The curve ball came at him in slow motion. His bat, tugging at his arms, was poised, ready. He swung, and the swing was clean and smooth. Crack! Bat and ball connected. The white sphere soared over the pitcher’s head, arced high above the outfield and landed smack in the hands of some lucky fan in the stands. As he crossed home plate, he heard the crowd call his name, “Sam Bean! Sam Bean!”
“…did you, Sam Bean?”
Sam’s eyes focused slowly. The fans, the stands, the field dissolved. The cheers of the crowd turned to giggles. it took him a moment to realize where he was and who was talking to him. When he did, he turned red. “Uh, I’m sorry, Ms. Corfein,” Sam said to his teacher. “Could you repeat the question?”
The class giggled again.
“Asleep on the job, eh, Sam?” Ms. Corfein said.
“Way to go, Bean,” Willie Landers, sitting next to Sam, snickered. Willie was a tough kid who always made snide remarks–especially to Sam and Dave, Sam’s identical twin brother. Willie–and practically everybody else in the school–knew their reputation as private eyes, only unlike most other people, Willie disliked them for it.
“Sorry,” Sam mumbled again. it wasn’t like him to daydream in school, but the November day was so gloomy, he’d got to thinking about April and baseball and the next thing he knew he’d dozed off. He glanced over at his brother. Dave wasn’t looking at him. He was taking some money out of his picket, and he looked alert as always.
“I asked if you brought in your money for the class trip. You and Roger Blitzman were the only ones who didn’t raise your hands,” said Ms. Corfein.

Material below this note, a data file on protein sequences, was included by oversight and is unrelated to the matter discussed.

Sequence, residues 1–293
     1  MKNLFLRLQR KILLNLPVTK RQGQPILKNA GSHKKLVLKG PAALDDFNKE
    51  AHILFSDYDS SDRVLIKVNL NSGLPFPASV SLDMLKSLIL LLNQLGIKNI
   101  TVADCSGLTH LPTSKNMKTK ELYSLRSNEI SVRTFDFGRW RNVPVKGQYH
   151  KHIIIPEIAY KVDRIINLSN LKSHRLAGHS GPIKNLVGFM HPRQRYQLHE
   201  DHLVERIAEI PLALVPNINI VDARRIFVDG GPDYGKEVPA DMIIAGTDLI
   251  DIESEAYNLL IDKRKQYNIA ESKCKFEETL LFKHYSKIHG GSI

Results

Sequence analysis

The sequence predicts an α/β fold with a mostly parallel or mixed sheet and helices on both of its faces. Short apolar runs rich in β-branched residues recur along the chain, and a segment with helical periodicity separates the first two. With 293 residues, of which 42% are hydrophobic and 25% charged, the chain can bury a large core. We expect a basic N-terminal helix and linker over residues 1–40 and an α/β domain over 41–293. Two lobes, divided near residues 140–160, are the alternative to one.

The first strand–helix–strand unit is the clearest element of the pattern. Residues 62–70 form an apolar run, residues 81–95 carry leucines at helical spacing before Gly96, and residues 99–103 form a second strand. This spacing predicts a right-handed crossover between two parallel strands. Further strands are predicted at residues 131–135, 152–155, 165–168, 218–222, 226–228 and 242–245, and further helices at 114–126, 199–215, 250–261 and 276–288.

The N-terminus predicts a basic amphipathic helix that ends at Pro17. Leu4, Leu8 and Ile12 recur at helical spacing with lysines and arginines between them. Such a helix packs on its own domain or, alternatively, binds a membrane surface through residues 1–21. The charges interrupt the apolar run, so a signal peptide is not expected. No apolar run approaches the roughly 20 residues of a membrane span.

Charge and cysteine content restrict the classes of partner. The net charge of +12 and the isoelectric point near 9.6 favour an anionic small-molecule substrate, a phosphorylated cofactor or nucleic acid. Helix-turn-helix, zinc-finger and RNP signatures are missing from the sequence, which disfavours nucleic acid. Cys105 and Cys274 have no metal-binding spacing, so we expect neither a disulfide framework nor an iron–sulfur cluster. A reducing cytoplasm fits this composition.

This time, Sam glanced at Roger. He was a small, shy boy whom nobody knew very well. He kept pretty much to himself. Ms. Corfein was always calling on him to do jobs for her. He might have been called “teacher’s pet,” except he didn’t act like one.
“Oh. Oh yeah. I brought it,” said Sam.
“Good. Roger, would you please collect the money, put it in this envelope and put the envelope in my locker. Here’s the key.”
Roger stumbled to his feet and began to walk around the room, collecting the money. Sam turned to look at him just as he was putting the envelope in. Then Roger locked the door and returned the key to Ms. Corfein.
“All right, class. Turn to page forty-one of your workbook,” Ms. Corfein said.
The class groaned softly.
“Rita, tell us the answer to problem one.” Ms. Corfein shivered slightly, went over to the long row of windows and began to fiddle with one of them.
Sam watched her for a moment, then opened his book. The numbers began to swim in front of his eyes. He had just hit his third homer when the lunch bell rang. Three more hours to go. I can tell nothing is going to happen today. Nothing at all, Sam thought.
In less than an hour, he’d find out just how wrong he was.